1. Prst. V.Jeltz Silver badge

      Re: Butter lube?

      That little intro makes me nervous of following your link....

  7. Anonymous South African Coward Silver badge

    Stef trying to have his way with a stick of butter? (who can catch the reference?)

    1. oddie

      reference...

      the old days of userfriendly? that takes me back...

    2. Chris King Silver badge
    3. Shadow Systems Silver badge

      @ASAC, re: reference.

      As stated by the other commenters ahead of me, that's UserFriendly.

      *Waves*

      Yes it's me.

      *Grins*

    4. Kiwi Silver badge
      Thumb Up

      I was wondering if someone else would comment..

      Found UF a couple of weeks back, don't recall seeing it before..Think it was in relation to an El Reg comment though might've been when I was looking for something in relation to something I was posting. Much thanks to whoever inspired me to find it.

      (PS is the author on El Reg? Couple of posters make me wonder, and that at least one UF cartoon refers to El Reg...)

  8. Allonymous Coward

    "Designing marketing materials"

    OK, I think I see the problem here.

  9. bombastic bob Silver badge
    Devil

    Acahol in the Caculator, to kill the stench of tom cat piss

    Some years back, my mother worked at a major manufacturer of electronic calculators, when such things were a new 'thing'. OK this is secondhand, but the gist: A customer apparently had a tom cat piss all over his 'Caculator', and he couldn't get the smell out. So he basically dumped a bottle of 'Acahol' all over it. Apparently this caused it to malfunction, so he took it apart and tried to dry it off [possibly with a hair dryer]. He wrote a letter to the company asking advice for getting his 'Caculator' to work again. I guess that's understandable, since they were as expensive as smart phones back then.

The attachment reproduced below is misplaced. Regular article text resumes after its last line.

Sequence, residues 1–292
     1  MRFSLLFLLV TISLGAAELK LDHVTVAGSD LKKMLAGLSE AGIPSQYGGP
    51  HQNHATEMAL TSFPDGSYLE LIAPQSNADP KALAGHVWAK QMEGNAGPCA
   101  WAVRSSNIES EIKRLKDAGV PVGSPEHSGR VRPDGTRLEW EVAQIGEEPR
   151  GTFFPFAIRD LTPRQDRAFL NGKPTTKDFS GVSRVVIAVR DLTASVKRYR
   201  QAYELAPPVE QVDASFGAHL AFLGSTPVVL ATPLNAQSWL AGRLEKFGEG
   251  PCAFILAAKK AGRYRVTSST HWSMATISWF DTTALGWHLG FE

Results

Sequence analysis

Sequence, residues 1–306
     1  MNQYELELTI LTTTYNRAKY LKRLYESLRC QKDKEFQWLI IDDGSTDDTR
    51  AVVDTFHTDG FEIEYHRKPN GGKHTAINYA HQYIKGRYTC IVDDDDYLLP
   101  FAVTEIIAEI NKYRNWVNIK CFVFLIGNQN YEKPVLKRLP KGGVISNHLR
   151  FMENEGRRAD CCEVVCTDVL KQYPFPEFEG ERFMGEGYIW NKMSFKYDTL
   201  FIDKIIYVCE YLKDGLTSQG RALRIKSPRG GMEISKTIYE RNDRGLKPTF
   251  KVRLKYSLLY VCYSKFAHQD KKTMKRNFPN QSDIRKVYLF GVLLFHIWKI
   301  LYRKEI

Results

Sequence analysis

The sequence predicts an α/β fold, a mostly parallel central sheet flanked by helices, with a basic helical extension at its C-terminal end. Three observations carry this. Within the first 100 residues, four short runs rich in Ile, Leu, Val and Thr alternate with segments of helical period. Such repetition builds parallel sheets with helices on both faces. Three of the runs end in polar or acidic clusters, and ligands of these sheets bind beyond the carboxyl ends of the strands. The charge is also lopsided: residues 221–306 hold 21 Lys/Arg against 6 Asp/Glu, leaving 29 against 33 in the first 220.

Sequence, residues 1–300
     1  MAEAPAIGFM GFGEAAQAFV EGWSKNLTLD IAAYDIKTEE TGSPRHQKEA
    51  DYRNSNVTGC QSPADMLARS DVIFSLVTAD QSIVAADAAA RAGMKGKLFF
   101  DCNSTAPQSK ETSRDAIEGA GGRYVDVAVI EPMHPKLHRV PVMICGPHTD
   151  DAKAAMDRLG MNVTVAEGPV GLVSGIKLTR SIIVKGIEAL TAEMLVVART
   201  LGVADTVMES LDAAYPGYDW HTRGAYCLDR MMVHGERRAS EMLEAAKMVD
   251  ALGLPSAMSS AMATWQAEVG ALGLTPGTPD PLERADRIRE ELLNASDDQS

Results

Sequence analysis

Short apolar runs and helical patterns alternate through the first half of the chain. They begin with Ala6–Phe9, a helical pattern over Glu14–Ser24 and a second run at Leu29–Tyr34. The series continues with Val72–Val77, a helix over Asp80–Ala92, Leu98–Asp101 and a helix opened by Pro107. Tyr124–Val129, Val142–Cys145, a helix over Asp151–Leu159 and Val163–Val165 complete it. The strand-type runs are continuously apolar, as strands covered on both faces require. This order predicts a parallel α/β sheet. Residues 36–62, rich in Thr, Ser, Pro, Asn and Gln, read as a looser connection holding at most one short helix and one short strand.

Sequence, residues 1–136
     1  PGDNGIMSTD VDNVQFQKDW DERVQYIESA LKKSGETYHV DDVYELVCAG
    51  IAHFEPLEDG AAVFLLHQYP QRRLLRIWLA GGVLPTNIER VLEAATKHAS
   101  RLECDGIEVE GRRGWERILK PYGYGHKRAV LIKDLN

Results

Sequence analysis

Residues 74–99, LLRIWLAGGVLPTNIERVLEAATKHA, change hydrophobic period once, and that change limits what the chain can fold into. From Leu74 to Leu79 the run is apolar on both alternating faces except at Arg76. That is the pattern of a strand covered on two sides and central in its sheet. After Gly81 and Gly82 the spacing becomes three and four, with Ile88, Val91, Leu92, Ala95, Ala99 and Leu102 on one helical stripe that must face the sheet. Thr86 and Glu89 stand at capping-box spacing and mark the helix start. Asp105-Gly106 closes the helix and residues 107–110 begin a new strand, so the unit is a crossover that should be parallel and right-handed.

The letter was subsequently copied and circulated. Interoffice humor. Who knew?

    [And in this day and age, it might inspire another youtube video by Craig Turner]

  10. SotarrTheWizard
    Mushroom

    Back in the mid-1990s. . . .

    . . .I had the misfortune of working at the Pentagon's Helldesk for the Air Force.

    And I actually got a "cupholder" call: a 3-star (fighter pilot, of course) had called in to report that his "cupholder" had cracked.

    Yep. He was using the CD-ROM tray for his coffee cup.

    I get there, diagnose the problem ("What, you can't glue it back together ?? How about replacing the tray ?"), call it in to order a new CD drive. Mind you, at the time, a CD Drive was a several hundred dollar piece of gear. And I mark it down as Customer Misuse of Equipment, which meant he PERSONALLY got the bill for parts and labor, about 400 bucks.

    General blows a gasket, demands I retract the report. General ALSO had signed a waiver for training on the box, accepting, under his signature, personal liability to all damage to the computer beyond normal wear and tear. Never got to the end of the matter, as I left for a better job shortly thereafter. . .

    1. Voyna i Mor Silver badge

      Re: Back in the mid-1990s. . . .

      The "cupholder" issue is one of the very few where I have sympathy for the end user. It really is quite difficult for normal people - i.e. those outside the industry - to know what a computer should or should not be able to do. It's like the stories of people using the insulating pads over the fluorinert tanks on early Crays as seats, because they look like cushions.